Increasingly, information systems are composed of a collection of various specialized hardware devices interconnected by a network. Each device performs a function that involves receipt of real time data and remote interaction with other devices of the system. Some examples include computer networks, telecommunication systems, uninterrupted power supply units, and decentralized manufacturing units.

Interaction with the information system may span a wide range of performance. You can interact with Internet applications through a variety of devices, whose characteristics and performance figures span an increasingly wide range. Between a high performance personal computer, a smart telephone, and a personal digital assistant, the variations in bandwidth, local processing power, screen capacity, and the ability to display color pictures, are extremely large.

1.2 Understanding the Functions of Middleware

Applications use intermediate software that resides on top of the operating systems and communication protocols to perform the following functions:

Middleware makes application development easier, by providing common programming abstractions, by masking application heterogeneity and the distribution of the underlying hardware and operating systems, and by hiding low-level programming details.

1.3 Understanding Middleware Architecture Design

The function of middleware is to mediate interaction between the parts of an application, or between applications. Therefore, considerations for architectural structure play a central role in middleware design. The architectural design encompasses the organization, overall structure, and communication patterns, both for applications and for the middleware itself.

Figure 1-2 provides an overview of the Oracle Fusion Middleware architecture with a common Oracle SOA installation.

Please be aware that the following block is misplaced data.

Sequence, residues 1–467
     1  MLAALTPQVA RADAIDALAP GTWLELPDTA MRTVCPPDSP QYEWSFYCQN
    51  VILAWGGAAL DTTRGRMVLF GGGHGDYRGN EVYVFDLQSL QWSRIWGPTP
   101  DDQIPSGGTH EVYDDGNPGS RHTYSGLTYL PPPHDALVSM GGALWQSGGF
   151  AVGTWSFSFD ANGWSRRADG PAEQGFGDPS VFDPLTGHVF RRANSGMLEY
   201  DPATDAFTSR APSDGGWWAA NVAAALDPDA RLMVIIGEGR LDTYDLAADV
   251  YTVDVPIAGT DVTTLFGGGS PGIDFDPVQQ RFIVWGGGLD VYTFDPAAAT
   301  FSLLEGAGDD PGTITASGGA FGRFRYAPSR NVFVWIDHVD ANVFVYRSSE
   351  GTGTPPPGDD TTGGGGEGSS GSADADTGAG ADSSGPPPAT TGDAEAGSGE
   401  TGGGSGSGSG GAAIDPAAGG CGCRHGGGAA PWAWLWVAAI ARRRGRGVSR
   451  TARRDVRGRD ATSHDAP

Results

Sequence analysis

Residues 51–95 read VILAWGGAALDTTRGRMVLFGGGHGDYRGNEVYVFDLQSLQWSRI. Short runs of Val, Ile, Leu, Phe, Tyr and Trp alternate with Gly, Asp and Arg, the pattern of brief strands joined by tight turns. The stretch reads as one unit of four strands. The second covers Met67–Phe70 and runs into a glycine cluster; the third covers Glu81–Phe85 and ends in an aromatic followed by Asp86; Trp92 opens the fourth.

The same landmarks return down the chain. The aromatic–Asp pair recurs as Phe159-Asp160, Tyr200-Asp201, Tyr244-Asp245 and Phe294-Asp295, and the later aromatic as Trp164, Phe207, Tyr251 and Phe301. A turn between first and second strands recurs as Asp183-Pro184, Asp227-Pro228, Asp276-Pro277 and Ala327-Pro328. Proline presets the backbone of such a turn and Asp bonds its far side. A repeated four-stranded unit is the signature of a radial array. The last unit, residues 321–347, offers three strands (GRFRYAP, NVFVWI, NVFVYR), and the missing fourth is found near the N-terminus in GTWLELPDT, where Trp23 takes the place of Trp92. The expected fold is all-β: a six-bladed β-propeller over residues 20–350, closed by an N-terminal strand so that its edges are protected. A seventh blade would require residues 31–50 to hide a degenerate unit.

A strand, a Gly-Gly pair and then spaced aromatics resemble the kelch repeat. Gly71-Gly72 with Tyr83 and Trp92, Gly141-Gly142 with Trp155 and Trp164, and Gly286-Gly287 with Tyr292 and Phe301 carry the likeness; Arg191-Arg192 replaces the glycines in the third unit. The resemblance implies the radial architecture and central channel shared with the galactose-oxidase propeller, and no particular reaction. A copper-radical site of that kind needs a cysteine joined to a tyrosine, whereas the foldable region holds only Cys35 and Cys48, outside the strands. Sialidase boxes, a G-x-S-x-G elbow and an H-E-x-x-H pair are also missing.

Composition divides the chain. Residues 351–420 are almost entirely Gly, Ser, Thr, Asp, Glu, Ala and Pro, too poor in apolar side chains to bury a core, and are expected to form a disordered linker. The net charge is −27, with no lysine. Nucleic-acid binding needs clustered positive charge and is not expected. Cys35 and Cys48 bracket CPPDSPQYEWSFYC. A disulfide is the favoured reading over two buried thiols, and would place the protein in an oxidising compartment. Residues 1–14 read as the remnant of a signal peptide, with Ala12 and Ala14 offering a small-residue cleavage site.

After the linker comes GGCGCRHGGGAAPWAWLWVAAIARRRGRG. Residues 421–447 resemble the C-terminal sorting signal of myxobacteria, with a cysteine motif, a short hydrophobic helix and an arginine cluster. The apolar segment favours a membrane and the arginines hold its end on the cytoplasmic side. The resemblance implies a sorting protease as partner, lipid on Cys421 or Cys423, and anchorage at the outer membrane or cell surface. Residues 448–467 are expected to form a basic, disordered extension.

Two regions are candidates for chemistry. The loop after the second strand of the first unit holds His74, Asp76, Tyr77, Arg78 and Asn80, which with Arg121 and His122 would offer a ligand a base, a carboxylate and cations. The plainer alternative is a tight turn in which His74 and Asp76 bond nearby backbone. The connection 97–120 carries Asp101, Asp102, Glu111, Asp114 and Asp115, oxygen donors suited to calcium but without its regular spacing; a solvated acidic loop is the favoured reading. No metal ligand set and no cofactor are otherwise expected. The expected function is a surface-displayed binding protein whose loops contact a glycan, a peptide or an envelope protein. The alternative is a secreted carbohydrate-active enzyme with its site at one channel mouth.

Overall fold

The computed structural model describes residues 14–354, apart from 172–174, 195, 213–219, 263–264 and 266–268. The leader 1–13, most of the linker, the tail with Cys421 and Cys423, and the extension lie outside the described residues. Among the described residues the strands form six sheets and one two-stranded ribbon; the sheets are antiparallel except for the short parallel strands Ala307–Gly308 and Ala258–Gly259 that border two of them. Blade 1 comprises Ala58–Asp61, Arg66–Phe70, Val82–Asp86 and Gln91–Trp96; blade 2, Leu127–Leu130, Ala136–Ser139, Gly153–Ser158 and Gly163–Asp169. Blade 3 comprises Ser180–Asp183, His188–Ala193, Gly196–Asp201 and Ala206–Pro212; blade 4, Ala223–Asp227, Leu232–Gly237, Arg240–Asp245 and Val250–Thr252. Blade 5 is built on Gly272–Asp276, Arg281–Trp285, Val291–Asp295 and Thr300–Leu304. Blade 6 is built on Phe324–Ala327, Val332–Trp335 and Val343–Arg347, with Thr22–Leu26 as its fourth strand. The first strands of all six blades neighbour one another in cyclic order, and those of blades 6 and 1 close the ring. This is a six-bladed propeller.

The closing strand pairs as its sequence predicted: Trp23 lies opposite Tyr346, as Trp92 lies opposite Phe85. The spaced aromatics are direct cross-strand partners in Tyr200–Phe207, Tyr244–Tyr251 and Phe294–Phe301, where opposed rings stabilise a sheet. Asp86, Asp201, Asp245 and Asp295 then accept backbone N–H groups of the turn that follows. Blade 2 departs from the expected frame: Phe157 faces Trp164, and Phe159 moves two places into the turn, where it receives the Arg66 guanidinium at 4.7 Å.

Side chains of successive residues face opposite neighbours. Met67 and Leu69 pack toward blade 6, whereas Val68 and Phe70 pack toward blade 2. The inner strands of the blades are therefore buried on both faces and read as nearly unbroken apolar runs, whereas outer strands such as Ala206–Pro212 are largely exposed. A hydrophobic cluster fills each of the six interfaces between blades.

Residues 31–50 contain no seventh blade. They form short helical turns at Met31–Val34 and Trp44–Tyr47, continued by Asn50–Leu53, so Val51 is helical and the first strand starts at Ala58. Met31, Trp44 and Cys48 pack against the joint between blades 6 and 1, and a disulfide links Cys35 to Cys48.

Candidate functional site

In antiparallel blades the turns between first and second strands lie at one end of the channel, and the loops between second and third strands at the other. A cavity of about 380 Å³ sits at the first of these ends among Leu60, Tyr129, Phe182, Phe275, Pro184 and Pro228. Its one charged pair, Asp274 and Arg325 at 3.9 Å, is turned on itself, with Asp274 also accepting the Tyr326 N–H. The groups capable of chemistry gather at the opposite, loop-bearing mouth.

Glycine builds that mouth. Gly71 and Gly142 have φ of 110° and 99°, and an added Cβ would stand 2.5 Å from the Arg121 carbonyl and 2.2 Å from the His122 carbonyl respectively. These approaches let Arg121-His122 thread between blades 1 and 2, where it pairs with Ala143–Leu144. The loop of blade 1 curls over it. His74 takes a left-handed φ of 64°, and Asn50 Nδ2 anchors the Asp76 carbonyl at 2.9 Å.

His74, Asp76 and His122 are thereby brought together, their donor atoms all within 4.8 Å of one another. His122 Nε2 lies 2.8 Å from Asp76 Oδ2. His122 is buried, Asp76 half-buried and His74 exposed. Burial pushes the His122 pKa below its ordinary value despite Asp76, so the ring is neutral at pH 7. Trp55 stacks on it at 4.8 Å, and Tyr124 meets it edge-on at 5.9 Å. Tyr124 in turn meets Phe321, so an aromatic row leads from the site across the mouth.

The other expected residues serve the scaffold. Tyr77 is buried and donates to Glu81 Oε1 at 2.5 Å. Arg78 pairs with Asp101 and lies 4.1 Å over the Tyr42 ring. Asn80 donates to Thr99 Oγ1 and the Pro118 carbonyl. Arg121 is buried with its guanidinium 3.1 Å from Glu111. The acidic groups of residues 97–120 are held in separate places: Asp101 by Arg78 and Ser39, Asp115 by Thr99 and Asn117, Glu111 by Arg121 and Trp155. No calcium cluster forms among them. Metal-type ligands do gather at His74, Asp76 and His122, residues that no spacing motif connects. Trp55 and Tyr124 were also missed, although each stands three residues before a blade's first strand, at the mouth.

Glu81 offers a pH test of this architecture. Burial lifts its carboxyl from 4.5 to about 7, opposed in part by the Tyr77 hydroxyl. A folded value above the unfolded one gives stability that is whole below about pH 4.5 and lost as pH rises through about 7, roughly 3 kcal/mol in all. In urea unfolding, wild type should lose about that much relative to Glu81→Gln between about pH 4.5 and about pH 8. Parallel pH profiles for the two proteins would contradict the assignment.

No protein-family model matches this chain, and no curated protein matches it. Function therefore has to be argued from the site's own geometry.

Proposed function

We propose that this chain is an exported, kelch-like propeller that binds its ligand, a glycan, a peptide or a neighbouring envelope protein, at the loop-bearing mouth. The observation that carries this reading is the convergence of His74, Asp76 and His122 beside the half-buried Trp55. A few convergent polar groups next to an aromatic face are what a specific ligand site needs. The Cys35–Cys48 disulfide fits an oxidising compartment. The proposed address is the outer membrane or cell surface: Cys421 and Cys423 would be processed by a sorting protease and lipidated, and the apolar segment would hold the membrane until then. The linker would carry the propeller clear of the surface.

For more information see the following guides:

Figure 1-2 Oracle Fusion Middleware Architecture Overview

Description of Figure 1-2 follows
Description of "Figure 1-2 Oracle Fusion Middleware Architecture Overview"

Besides architectural aspects, the main problems of middleware design pertain to various aspects of distributed systems. Any middleware system relies on a communication layer that allows its different pieces to interoperate. In addition, communication is a function provided by middleware itself to applications, in which the communicating entities may take on different roles such as client server or peer-to- peer. Middleware allows different interaction modes (synchronous invocations, asynchronous message passing, coordination through shared objects) embodied in different patterns.

Therefore, middleware system design faces several challenges:

1.4 Understanding the Oracle Fusion Middleware Solution

Oracle Fusion Middleware is a collection of standards-based software products that includes a range of tools and services inlcuding developer tools, integration services, business intelligence, collaboration, and content management. Oracle Fusion Middleware offers complete support for development, deployment, and management.

Specifically, Oracle Fusion Middleware offers the following solutions through its middleware design: